“My first published book out in the world at age 55 tells you it’s truly never too late to change your life. Maybe my stories will inspire you — or at least give you a couple laughs.”

Colleges of Business, Engineering alumni affiliates hosting annual golf outing

The University of Toledo’s College of Business and Innovation and the Engineering alumni affiliates will host their 19th annual golf outing Saturday, Aug. 5, to support student scholarships and affiliate programming.

The event will be held at Bedford Hills Golf Club, 6400 Jackman Road in Temperance, Mich., with check-in beginning at 8 a.m. and the 18-hole shotgun starting at 9 a.m.

More than 100 area golfers are expected to participate in this philanthropic event.

“Last year, thanks to our many wonderful sponsors and participants, we successfully raised more than $10,000 for student scholarships,” Marcus Sneed, associate director of alumni relations, said. “We are again asking the community to support this outing through sponsorship and participation. With your help, this year’s outing will be an even greater success.”

The cost is $90 per golfer ($360 per foursome) and includes:

• Continental breakfast and catered lunch;

• Two beverage tickets;

• Free use of the driving range;

• 18 holes of golf with a cart;

• Swag bag of gifts for each golfer;

• Prizes for the first-, second- and third-place teams;

• Two betting holes, closet to the pin, and longest putt contests; and

• Mulligans and team skins available.

The College of Business and Innovation and the College of Engineering alumni affiliates were established to help connect graduates to their UT family. Through these groups, alumni have the opportunity to network, socialize and volunteer at all levels throughout the Alumni Association.

If you wish to participate or become a sponsor, visit toledoalumni.org.

Golf outing to raise funds for geography scholarship to honor late UT grad student

If Michael Moore wasn’t working on his dissertation or sampling craft beer, he was on the golf course.

“Mike enjoyed playing golf,” said Dr. Neil Reid, professor of geography and planning, and director of the Jack Ford Urban Affairs Center. “He also enjoyed debating varieties of hops and India pale ales as much and as easily as he dove into complex statistical analyses of the industry.”

Moore

Moore died from an aortic aneurysm April 8, 2015, while having a beer at a local pub. The doctoral student in the UT Department of Geography and Planning was 34.

To honor his memory, the Geography and Planning Department has established the Michael Moore Memorial Student Scholarship Fund.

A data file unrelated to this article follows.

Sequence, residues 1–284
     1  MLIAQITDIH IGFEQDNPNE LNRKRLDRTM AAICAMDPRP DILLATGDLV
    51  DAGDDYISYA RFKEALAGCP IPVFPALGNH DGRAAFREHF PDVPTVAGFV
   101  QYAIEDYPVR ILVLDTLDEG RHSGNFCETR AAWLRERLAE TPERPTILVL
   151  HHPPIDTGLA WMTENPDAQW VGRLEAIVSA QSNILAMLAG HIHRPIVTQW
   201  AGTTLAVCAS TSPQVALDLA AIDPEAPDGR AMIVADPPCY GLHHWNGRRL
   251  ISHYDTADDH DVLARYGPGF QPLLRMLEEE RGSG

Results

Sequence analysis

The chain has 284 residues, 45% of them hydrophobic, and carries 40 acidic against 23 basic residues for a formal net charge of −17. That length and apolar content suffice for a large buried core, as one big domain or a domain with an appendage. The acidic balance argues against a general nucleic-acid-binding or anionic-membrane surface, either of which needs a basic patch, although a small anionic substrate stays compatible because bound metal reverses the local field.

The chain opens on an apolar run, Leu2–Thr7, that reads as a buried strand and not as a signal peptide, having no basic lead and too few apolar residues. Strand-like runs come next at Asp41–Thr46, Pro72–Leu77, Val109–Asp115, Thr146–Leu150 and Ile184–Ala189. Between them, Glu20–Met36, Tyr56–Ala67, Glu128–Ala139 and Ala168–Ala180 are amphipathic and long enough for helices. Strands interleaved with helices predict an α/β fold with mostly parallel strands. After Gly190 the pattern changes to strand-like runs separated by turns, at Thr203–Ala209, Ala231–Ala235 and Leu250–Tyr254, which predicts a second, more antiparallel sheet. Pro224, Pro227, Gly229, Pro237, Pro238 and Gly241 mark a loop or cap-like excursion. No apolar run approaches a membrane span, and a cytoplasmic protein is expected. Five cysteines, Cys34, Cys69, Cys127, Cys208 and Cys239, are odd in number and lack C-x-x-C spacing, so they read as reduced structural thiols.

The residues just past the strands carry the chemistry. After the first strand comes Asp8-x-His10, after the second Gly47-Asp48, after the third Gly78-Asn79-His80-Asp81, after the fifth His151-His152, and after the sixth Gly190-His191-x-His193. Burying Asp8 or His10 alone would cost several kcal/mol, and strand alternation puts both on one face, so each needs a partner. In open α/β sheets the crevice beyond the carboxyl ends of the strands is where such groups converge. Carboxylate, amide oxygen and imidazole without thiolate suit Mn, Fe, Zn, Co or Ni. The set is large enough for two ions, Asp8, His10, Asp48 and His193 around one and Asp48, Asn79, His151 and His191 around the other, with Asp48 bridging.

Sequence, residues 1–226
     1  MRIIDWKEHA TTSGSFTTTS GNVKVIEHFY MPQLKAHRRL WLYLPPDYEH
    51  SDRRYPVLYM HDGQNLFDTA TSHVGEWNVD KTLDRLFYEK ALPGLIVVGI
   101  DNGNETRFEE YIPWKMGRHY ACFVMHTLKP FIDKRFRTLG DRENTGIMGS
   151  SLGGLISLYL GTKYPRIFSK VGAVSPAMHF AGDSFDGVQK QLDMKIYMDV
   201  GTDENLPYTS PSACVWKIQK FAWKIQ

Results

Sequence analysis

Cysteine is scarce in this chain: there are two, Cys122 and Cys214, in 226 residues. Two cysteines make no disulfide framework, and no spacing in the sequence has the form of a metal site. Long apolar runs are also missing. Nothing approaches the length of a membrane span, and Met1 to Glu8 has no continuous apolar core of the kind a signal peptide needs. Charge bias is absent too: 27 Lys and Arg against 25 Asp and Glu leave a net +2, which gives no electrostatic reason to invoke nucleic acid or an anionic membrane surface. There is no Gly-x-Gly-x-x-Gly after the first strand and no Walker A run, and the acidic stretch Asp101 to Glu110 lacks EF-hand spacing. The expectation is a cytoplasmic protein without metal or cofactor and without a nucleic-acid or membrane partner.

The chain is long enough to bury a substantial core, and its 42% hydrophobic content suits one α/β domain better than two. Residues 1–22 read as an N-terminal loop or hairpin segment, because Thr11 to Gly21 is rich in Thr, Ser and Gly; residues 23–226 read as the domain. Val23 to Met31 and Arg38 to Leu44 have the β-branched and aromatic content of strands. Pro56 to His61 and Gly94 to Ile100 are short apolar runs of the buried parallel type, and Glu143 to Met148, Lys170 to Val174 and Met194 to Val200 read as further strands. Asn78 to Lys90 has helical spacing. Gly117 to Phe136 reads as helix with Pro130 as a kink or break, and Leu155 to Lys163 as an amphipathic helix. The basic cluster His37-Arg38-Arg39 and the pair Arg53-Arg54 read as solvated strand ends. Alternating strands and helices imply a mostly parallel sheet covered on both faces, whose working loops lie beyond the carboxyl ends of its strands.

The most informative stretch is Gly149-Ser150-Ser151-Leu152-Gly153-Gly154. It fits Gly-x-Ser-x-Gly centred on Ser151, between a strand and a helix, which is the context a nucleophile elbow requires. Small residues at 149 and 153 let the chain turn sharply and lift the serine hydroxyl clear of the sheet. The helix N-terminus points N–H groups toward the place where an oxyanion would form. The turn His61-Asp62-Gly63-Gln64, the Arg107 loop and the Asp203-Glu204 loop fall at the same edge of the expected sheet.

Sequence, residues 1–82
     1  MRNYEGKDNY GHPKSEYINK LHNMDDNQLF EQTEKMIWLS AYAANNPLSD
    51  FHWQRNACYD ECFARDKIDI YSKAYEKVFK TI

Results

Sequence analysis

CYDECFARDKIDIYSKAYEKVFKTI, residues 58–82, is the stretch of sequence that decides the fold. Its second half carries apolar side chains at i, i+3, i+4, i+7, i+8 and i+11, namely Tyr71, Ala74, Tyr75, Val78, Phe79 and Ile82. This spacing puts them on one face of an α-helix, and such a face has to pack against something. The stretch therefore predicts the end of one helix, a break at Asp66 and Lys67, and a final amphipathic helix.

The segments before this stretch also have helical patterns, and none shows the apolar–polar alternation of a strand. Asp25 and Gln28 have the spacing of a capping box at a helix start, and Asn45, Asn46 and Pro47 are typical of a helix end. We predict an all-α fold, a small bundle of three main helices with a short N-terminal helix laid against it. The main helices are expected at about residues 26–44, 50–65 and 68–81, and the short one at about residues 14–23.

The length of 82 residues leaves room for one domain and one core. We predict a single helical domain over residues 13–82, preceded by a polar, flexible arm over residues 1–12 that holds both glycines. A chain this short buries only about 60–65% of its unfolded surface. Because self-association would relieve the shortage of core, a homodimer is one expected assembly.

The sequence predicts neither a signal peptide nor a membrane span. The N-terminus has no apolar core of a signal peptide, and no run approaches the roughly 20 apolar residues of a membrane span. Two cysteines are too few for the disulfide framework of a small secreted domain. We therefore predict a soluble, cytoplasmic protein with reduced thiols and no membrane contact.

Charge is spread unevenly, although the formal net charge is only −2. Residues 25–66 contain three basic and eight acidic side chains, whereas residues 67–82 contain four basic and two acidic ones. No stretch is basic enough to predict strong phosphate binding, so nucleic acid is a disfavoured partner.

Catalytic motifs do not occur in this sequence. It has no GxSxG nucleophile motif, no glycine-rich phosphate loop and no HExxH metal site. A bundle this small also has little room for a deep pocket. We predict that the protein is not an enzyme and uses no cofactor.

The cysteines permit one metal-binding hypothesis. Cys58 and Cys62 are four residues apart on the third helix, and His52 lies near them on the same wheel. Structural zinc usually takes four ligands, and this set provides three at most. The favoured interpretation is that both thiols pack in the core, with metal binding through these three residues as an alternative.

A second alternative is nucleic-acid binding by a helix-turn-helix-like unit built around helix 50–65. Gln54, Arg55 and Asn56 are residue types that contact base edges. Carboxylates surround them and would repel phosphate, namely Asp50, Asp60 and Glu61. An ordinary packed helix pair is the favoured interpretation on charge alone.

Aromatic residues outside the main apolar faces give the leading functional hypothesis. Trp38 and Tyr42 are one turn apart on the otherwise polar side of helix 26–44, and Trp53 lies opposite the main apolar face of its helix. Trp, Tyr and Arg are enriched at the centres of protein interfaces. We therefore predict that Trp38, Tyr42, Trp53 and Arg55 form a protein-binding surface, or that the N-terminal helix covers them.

“This fund will allow us to award scholarships to academically qualified students pursuing a bachelor of arts degree in geography who demonstrate financial need,” said Dr. Dan Hammel, professor and chair of geography and planning. “It also allows us to remember a fine student who became a respected colleague.”

For his dissertation, Moore was studying the spatial dynamics of the American craft beer industry. He posthumously received his PhD from the University.

“The craft brewing industry is growing so fast and changing the whole brewing landscape,” Reid said. “Mike analyzed where it’s growing and why. He was well on his way to being a really successful academic.”

A native of Swanton, Ohio, Moore received a certificate in geographic information sciences and applied geographics from UT in 2012.

To raise funds, the Michael Moore Memorial Scholarship Golf Outing will be held Saturday, June 17, from 1 to 9 p.m. at White Pines Golf Course, 1640 County Road 2, Swanton.

The cost is $75 for an individual golfer or $300 for a foursome and covers 18 holes, golf cart and dinner. There also are hole signage sponsorship opportunities available for $125. A dinner-only option costs $50.

To register, go to give2ut.utoledo.edu/mooregolf.asp.

To donate to the Michael Moore Memorial Student Scholarship Fund, go to give2ut.utoledo.edu/mikemoore.asp.

For more information about the event or fund, contact Heather Slough, director of annual giving in the Division of Advancement, at heather.slough@utoledo.edu or 419.530.8495.

Golf outing to raise scholarship funds for College of Law